Want to drive through shots faster?
Want to get in on shots faster?
Want to go fast like Ricky Bobby?
Anyway, the first two situations above are ones that I’ve been “consulting” with Kyle Dake on these last couple weeks. He’s doing everything he can to be at his peak before the NCAA Championships.
After a few messages, I started to realize that there is a very important aspect to a lifting program for wrestlers that often gets overlooked.
Vertical power production is almost always covered in a program. The most popular exercises used are Cleans and other Olympic derivatives.
However, horizontal power production is unfortunately not often addressed in performance programs for wrestlers.
Why Do You Need Horizontal Power?
Well, for starters, it will help you succeed in the situations above.
Wrestling doesn’t have a large vertical component to it. Yes, you sometimes lift an opponent to finish a leg attack. You also lift them to perform a mat return. But that’s about it, right?
Compare this to sports like Basketball or Volleyball. They both have a much greater need for vertical power production.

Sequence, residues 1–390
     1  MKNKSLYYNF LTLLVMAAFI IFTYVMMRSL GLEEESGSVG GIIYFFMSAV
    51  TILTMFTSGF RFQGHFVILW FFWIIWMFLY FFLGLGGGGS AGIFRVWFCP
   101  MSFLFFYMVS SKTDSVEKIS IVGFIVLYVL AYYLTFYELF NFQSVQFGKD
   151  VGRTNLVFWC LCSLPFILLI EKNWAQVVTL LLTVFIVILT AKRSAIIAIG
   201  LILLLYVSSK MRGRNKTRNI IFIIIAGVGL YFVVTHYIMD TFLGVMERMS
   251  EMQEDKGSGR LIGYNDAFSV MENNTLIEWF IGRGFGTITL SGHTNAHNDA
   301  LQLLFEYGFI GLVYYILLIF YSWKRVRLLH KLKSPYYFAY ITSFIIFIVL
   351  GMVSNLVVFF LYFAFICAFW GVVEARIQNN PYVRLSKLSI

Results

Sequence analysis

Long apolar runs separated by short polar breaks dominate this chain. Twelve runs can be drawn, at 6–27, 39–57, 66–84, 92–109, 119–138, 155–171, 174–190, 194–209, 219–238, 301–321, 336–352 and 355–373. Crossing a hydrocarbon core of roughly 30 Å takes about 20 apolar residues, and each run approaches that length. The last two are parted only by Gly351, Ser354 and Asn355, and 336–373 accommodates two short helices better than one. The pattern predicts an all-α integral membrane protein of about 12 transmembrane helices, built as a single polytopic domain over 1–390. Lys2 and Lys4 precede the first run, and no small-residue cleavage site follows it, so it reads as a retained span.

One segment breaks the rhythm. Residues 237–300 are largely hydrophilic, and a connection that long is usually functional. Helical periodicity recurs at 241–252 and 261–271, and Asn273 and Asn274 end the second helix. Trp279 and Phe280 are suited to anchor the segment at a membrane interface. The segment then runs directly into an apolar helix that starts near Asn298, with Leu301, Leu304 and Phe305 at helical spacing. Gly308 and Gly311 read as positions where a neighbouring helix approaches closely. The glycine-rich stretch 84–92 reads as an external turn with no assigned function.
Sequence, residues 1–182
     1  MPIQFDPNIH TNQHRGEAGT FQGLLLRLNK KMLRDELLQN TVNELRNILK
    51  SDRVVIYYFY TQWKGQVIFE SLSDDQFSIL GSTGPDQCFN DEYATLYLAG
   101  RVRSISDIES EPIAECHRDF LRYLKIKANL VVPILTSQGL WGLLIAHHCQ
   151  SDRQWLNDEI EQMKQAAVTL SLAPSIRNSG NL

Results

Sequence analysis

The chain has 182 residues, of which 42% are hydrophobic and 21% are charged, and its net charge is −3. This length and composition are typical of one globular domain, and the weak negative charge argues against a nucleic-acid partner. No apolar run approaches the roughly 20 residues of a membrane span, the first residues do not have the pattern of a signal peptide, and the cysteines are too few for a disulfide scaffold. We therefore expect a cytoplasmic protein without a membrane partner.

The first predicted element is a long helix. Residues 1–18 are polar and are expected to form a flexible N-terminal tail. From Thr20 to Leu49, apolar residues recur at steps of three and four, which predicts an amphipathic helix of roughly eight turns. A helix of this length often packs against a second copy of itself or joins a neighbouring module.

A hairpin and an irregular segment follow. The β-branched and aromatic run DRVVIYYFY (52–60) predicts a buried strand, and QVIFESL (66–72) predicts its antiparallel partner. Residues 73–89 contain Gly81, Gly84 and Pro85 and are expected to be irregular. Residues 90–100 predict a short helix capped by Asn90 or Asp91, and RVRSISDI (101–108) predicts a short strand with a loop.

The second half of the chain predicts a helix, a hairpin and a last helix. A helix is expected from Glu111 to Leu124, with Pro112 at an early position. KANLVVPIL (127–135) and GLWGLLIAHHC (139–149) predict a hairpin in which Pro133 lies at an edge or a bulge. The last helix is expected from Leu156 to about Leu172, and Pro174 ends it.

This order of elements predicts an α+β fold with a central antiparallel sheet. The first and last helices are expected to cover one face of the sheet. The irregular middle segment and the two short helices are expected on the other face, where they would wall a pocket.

However, the leg strength/power required for wrestling is a bit different. As such, programs must address this.
Determining Your Exercise Needs
The first thing you need to do is determine if you have a “starting strength” issue or you have an “elasticity” issue.
You can do this by comparing the distance you cover in one horizontal jump (and then double it) with the distance you cover in two jumps.
Say for instance you can jump 5 feet in one jump and 11 feet in two jumps. Doubling your single jump puts it at 10 feet. That means you produce more power when you’re muscles are loaded. This will be the case almost 99% of the time.
Ultimately this means that you need to improve your starting strength.
Another, more simple (and functional) way to assess yourself is to look at specific situations in wrestling that you feel need improvement. You need to do this as objectively as possible.
In Kyle’s case, he felt he could use a little more horsepower getting in on shots and finishing them.
A great majority of the time when you’re shooting your body is in a somewhat relaxed state.